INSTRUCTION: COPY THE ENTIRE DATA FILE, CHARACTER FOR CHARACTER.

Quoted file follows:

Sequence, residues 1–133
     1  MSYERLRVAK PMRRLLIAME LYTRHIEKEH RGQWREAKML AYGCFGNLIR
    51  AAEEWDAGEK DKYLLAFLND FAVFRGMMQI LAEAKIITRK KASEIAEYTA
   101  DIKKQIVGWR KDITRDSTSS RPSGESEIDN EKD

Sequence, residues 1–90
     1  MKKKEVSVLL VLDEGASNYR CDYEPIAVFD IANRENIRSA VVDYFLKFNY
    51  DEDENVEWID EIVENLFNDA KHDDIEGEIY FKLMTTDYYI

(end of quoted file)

Sequence, residues 1–133
     1  MSYERLRVAK PMRRLLIAME LYTRHIEKEH RGQWREAKML AYGCFGNLIR
    51  AAEEWDAGEK DKYLLAFLND FAVFRGMMQI LAEAKIITRK KASEIAEYTA
   101  DIKKQIVGWR KDITRDSTSS RPSGESEIDN EKD

Sequence, residues 1–90
     1  MKKKEVSVLL VLDEGASNYR CDYEPIAVFD IANRENIRSA VVDYFLKFNY
    51  DEDENVEWID EIVENLFNDA KHDDIEGEIY FKLMTTDYYI